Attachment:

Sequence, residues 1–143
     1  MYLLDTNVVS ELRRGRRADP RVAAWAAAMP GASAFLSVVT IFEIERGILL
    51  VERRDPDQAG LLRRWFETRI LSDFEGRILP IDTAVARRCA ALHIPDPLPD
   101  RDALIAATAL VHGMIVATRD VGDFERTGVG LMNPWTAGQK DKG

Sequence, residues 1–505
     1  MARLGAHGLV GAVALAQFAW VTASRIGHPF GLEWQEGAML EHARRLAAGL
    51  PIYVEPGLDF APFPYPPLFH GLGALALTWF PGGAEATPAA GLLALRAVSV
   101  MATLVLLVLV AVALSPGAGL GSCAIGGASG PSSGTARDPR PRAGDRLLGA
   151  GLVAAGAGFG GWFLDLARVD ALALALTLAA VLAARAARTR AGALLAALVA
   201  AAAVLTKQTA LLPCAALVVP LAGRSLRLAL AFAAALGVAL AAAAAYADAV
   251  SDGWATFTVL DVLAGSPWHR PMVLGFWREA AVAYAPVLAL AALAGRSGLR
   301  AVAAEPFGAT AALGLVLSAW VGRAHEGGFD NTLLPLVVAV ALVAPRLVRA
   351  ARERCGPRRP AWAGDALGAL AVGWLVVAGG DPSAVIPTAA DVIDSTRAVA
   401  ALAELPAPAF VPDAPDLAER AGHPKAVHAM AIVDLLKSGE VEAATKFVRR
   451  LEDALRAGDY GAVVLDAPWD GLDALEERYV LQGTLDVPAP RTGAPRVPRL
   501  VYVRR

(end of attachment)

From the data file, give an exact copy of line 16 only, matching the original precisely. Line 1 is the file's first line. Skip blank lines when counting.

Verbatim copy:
   501  VYVRR